In the Pacific Northwest, the Southern Resident Killer Whale population has been facing a crisis that threatens their survival. The crisis is an ever-dwindling supply of Chinook Salmon, their preferred prey, within their range along the western coast of Canada and the United States. Chinook Salmon make up approximately 80% of the Southern Resident Killer Whale diet, with Chum being next on the list. Steelhead is likely an important food source during the winter months, but sea-going populations of this species are in danger of extinction themselves.
Why don’t the Southern Residents just eat seals like the Bigg’s (Transient) orcas do?
Well, the answer to that has to do with the culture and physical capabilities of the Southern Residents. To understand why they can’t just switch to another prey source, we need to understand a bit more about the evolution of killer whale populations.
Scientists believe that killer whales have been around for at least six million years. Killer whales in different areas of the world began to develop specialized diets, likely based on the availability of abundant prey in a given area. This segregation led to the evolution of different ecotypes of orcas. Over millions of years, different populations developed their own dialects, culture, food preferences, and hunting strategies. To put this divergence into perspective, the Southern Resident Killer Whale population is genetically one of the most distant relatives of the West Coast Bigg’s (Transient) Killer Whale population, despite the overlap of their ranges.
Killer Whale Culture
Culture is central to killer whale society. They are matriarchal, with mothers and grandmothers passing on vital life skills, language, and information from one generation to the next. It becomes ingrained in every family member what is food and what isn’t, where to find food at different times of the year, and how to hunt it. As with humans, culture is a difficult thing to change or adapt for orca societies. When thousands of generations of your family have hunted and eaten salmon, it is difficult to just ‘flick the switch’ and start eating marine mammals or other species of fish.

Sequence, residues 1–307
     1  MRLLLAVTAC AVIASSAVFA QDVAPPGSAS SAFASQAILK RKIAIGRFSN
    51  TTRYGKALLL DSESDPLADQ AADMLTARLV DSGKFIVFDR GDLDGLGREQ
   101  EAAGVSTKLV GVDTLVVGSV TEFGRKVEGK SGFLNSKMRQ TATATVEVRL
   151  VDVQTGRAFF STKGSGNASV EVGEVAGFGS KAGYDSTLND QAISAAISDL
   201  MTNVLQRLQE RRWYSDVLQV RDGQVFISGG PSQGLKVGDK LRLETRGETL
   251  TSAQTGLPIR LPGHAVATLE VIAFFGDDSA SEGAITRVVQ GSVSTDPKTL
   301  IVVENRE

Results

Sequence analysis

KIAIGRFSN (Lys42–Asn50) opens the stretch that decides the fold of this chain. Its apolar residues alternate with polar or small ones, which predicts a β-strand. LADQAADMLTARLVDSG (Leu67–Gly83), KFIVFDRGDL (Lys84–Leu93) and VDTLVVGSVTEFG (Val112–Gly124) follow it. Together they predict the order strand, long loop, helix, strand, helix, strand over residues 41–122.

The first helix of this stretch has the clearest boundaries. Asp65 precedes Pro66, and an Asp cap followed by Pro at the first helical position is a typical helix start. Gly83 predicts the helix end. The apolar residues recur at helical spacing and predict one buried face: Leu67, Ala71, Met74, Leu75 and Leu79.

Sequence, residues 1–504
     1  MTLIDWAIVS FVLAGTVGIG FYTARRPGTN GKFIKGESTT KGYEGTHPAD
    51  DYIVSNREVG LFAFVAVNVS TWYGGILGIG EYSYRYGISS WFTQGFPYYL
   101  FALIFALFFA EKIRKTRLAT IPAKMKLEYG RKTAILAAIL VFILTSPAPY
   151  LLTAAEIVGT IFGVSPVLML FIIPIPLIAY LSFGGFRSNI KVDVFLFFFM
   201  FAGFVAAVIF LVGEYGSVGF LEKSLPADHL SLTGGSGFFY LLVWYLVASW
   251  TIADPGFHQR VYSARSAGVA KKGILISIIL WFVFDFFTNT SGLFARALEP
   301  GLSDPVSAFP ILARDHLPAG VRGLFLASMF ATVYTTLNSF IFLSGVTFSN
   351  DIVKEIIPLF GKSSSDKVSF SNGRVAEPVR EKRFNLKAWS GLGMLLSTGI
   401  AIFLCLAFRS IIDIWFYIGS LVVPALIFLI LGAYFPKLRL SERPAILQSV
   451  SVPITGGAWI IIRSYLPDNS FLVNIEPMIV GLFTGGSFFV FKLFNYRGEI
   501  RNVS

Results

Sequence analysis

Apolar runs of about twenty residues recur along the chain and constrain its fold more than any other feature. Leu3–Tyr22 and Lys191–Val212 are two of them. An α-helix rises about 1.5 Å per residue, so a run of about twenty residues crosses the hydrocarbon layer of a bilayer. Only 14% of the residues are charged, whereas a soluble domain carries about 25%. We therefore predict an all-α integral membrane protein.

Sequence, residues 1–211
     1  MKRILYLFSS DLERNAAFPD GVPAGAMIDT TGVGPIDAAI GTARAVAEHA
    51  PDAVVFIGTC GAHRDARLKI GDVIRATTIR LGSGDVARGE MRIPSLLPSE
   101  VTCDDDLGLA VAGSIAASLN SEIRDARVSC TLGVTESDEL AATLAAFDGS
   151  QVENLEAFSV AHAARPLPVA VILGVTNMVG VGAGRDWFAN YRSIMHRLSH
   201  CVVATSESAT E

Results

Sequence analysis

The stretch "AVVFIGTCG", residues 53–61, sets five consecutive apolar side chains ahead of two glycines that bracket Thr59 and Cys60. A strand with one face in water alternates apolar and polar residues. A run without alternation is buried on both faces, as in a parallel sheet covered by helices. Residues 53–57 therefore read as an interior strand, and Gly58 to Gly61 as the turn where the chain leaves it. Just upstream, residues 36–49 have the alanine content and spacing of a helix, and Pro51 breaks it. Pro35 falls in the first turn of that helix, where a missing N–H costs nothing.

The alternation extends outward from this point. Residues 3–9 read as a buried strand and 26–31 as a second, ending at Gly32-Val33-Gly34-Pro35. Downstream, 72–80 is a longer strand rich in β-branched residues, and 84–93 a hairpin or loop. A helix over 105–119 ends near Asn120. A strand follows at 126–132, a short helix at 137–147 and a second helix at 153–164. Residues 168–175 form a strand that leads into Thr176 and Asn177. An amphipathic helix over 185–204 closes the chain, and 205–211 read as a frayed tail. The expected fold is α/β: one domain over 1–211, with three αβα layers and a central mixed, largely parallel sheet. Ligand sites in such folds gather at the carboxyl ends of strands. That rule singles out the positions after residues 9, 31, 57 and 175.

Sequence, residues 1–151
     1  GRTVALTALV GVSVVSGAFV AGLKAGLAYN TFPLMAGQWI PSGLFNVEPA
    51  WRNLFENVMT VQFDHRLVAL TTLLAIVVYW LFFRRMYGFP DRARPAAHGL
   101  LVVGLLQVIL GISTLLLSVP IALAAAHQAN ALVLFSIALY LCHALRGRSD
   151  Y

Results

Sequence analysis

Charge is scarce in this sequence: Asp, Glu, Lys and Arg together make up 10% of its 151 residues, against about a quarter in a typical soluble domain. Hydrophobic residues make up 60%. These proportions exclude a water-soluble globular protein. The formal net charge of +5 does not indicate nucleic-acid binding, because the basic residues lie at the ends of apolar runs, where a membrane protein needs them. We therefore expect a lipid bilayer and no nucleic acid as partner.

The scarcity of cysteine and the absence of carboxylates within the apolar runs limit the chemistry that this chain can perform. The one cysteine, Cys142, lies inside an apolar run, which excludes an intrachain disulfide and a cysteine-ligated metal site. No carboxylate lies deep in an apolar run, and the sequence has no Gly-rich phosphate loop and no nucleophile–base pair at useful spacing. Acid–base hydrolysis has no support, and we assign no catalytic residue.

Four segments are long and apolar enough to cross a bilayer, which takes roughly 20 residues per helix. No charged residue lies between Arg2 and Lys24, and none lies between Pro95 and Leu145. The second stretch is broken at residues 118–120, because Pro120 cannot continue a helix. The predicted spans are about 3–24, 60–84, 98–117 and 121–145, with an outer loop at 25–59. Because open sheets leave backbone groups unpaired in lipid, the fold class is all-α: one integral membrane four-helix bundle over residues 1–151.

The struggle to change the Southern Resident Killer Whale diet is further complicated by a lack of physical capability to hunt marine mammals like seals, sea lions, porpoises, and other whales. Southern Residents have smaller, less robust, and dense teeth compared to their mammal-hunting cousins, the Bigg’s Killer Whales. They also evolved to have lighter jawbones suited for biting fish rather than chomping on the bones of marine mammals. As you are probably starting to see, switching food sources isn’t so easy!
The Future Of The Southern Resident’s Diet
There is new evidence that the Southern Residents may be trying other fish on the menu that they previously have not been recorded eating. In the past few years, scientists have found the Southern Residents are dining on species such as Coho Salmon, Halibut, and Sablefish. The populations of these species may not be high enough to replace their Chinook diets, but it does show that they are trying to adapt. Coho Salmon are much smaller and more agile than Chinook, so the Southern Residents are spending more energy trying to catch them than they would when they hunt Chinook. However, being very smart animals, they have the potential to become more efficient at capturing Coho.
Halibut and Sablefish are deepwater species and orcas are not famous for their diving abilities compared to other types of whales. Chinook salmon tend to be found in relatively shallow water, so Southern Residents haven’t needed to be champion divers to catch their prey. They may need to rely on the larger, heavier males to hunt for deeper dwelling species, while females can focus on salmon when they are present as they are closer to the surface. Every species of fish behaves differently, so the Southern Residents have to learn different techniques to catch them. They do have the second-largest brain of any animal, but it still takes time to learn new skills and be successful using them!
The future of Southern Resident Killer Whales is uncertain, but there is hope that they can and will adapt to eating other species in addition to Chinook salmon. Only time will tell, but we will be there watching and cheering them on!